Clothing, class, and the community college

From July 2006.

This post about the “tell your boyfriend I said thanks” t-shirt briefly diverted onto a subject of dress and class.  I wrote:

To generalize enormously, the less privileged the background, the more intense the sense of competition among young women.  Far too many young ones grow up with a sense that their sexual desirability is a more marketable commodity than their intellectual accomplishments; this is all the more likely to be true in families where there isn’t a history of women going to college.  (If you don’t believe me, visit any American community college on a hot day — and then visit an elite university in the same weather.  You’ll see more mini-skirts and heels in five minutes at Pasadena City College than you will in five hours at Berkeley or Stanford.  That’s anecdotal, sure, but don’t take my word for it — try it yourself.)  The bottom line: class and sexual competitiveness among women are, to say the least, not unrelated!

Glendenb’s comment was so good I wanted to repost part of it:

I think the difference was between people who saw education as a right and those who saw it a privilege. Among the students at the cc, they dressed in their best (which for some was heels and mini skirt) to show that they deserved the privilege but also to combat a social dis-ease; they were aware that they were moving across a social dividing line and were attempting to prove they belonged. Students who were first in their family to attend college were straddling a social dividing line – breaking from a set of values that weren’t comfortable with the extreme casualness around sexuality, but not yet fully embracing a set of values in which sexuality was (far too often) separated from emotion.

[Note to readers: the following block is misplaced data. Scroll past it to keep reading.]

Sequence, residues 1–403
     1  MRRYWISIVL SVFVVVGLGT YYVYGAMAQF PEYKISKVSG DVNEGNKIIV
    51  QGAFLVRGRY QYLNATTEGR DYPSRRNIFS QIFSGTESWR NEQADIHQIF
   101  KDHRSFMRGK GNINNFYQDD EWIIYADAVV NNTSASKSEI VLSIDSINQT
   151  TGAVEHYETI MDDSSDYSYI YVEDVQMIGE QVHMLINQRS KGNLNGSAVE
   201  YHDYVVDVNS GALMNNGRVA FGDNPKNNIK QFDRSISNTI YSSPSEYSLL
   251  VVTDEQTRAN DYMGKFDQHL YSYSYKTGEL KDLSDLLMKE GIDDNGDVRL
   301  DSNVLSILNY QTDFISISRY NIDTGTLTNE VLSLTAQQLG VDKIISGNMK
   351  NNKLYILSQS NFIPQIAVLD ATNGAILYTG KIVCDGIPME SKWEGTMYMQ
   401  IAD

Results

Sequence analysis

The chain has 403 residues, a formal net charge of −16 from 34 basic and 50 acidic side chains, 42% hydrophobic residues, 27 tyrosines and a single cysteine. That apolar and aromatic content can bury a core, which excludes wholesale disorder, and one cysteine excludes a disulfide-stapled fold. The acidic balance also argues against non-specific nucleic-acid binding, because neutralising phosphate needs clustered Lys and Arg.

Students at my undergraduate college perceived education as their right – the hedonism, brazen sexuality, deliberate crossing of behavioral barriers that were not crossed in their upper-middle class families were seen as part and parcel of the college experience – the icing on the cake. They didn’t have to prove they belonged at college to anyone, least of all themselves. At the community college, many students were trying to prove to themselves that they deserved to be there. What to my eye was sexualized behavior, was really a more carefully studied mimicking of what was perceived as appropriate collegiate behavior. Clothing choices were made that would help students feel brash, or strong, or confident in ways that students from the upper middle class didn’t feel they needed.

The bold emphasis is mine.  To use the Anglicism to which my passport entitles me, that’s "spot on".

I note this phenomenon is not merely confined to women.  Many first-generation male students, particularly but not exclusively East Asian (PCC is over 33% Asian), are ostentatiously fond of labels, particularly those that they associate with the "establishment."  Every year, even on hot summer days, my classes will be filled with remarkably neat young men in pressed khakis wearing Ralph Lauren, Lacoste, A&F, or even — oh, flashbacks to ’80s preppydom! — Brooks Brothers polo shirts.  The labels are always conspicuous.  Reading Glendenb’s comments, it occurs to me that these young upwardly mobile fellows are indeed mimicking what they imagine to be the appropriate attire of the privileged.  (Only later will some of them transfer to Cal, Stanford, and Georgetown and discover that the real privileged tend to be far more unkempt.) 

The names of many young men — particularly young Chinese from Hong Kong — are often rather touchingly quaint.  This summer, I have — these are first names, mind you — a "Fitzgerald"; a "Woodrow"; three "Benedicts" (my middle name); two "Henrys"; one "Maxwell"; and, my favorite, one "Colfax."   It sounds like a parody of the membership roster of my grandfather’s fraternity, circa 1926!  And at the risk of sounding horribly classist, it strikes me as a rather naive attempt to deliberately appropriate WASP cache.   Imagine all of these parents, newly immigrated, working long hours to clothe young "Winston Wilberforce Chan" in what television has led them to believe is the outfit of success: polo shirts and chinos with shiny penny loafers.   From the perspective of someone who grew up in WASP country-club culture, this sincere attempt at imitation strikes me as, at the least, oddly misplaced!